Alex Bea

Digital KonMari

As many friends and family of mine know, we went all in on Marie Kondo’s fantastic exercise in privilege, the Art of Tidying Up — aka the KonMari method. You may be familiar with the basic concepts:

  1. Go through EVERYTHING in your home one by one, grouped by category
  2. Take each piece in your hands, question if it “brings you joy,” and only keep it if it does
  3. When totally done, put everything in a reasoned place to which you’ll always return it

The rules are deceptively simple in a no-duh kind of way. From that book and finally reading David Allen’s Getting Things Done, I’ve learned that these books about “systems” are, in fact, worth reading fully if you are at all interested in their ideas. Yes, they tend to oversell, but move past that and there can be real value. With KonMari, I found it helpful at providing a framework for clearing away physical things that were mostly still around due to inertia.

The book is extremely specific regarding physical things. There’s something like a whole chapter about folding various types of clothing. Kondo doesn’t discuss our digital “stuff” at all, however. Being a dev and an obsessive computer organizer, I thought it’d be worthwhile to bring the same principles to this area.

My steps were very similar:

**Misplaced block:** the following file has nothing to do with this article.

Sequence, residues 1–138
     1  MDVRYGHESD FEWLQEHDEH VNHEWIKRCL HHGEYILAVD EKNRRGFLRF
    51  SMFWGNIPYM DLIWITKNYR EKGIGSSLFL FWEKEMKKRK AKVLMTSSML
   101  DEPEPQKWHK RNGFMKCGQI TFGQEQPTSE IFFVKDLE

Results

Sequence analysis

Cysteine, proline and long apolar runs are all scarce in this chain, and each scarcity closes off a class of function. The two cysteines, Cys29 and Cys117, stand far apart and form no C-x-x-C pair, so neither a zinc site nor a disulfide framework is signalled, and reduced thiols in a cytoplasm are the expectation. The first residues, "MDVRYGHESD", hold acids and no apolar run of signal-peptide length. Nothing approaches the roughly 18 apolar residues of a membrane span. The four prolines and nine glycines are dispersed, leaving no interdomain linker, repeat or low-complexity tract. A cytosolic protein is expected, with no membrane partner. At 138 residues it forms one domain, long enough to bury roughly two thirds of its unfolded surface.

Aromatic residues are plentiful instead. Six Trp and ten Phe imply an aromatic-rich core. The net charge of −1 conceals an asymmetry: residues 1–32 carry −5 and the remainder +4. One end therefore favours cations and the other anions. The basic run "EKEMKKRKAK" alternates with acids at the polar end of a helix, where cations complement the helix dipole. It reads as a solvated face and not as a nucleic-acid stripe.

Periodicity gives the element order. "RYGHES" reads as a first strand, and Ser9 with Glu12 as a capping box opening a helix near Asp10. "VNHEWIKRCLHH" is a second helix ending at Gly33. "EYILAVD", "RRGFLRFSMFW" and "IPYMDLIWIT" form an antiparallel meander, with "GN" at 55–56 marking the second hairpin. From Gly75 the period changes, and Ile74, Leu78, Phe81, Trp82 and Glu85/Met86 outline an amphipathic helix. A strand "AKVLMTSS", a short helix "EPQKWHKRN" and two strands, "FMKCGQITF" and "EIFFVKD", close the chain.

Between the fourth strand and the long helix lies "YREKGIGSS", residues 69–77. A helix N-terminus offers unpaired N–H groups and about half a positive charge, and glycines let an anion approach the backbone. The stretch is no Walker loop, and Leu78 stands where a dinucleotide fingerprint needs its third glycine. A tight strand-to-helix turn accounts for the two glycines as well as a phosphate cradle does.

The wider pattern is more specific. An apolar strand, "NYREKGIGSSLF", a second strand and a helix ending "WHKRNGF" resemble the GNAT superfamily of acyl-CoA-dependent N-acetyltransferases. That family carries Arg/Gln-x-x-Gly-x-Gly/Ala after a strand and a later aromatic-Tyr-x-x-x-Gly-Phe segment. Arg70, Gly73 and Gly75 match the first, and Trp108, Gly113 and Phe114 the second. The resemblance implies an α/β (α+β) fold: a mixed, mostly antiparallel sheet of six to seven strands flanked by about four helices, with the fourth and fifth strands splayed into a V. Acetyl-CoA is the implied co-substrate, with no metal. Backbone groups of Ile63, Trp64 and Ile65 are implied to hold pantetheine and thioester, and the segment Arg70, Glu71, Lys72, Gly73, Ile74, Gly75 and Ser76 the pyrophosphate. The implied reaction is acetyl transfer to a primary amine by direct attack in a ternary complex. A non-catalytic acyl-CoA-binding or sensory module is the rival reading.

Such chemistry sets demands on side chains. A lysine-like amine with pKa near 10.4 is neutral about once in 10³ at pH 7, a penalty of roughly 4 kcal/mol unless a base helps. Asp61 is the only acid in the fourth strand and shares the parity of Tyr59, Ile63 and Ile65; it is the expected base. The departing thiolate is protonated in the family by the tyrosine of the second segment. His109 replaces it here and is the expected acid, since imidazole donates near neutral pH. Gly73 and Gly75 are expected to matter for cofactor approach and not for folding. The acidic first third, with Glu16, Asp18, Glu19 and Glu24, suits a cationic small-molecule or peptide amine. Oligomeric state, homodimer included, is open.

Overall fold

1. Go through every folder in my computer and individually look over each file (or use iTunes to look over the music).
  2. Consider if that file either A) still “brings me joy” or B) is still actively useful.
  3. Delete what’s no longer useful — DON’T simply move it into an external drive or other storage location.
  4. Identify the proper place for the stuff that remains, create simple systems of organization where needed, and make sure things end up in the right spot.

As with the physical KonMari, this took a while and is best done in chunks (e.g., Documents, then Downloads, then Music, then Video, etc). It’s sort of still in progress. Just yesterday I open up my notes in Simplenote and realized I had meeting notes from a few jobs ago. No more!

There were ideas for writing projects in multiple files (now one), duplicate archived directories, music that came in a bundle that I never played. I had some applications that were not compatible with my updated operating system, that had long expired registration, or that I had replaced with another alternative. There were also old freelance client projects in my Sites directory that are inactive and could be easily reinstalled from a remote git repository.

My computer has always been the place I’m most obsessively organized, so the effect isn’t night and day. Still, as I traverse my file system on the command line or simply click-open folders, things are easier to find and feel less visually cluttered. As a front end developer I work to make websites easier to use, so why not my own machine?

I encourage other devs especially to go through this kind of process every so often. Hopefully, as the KonMari method goes, a one-time deep dive should mean easier organization and, most importantly, more efficient work (and play) going forward.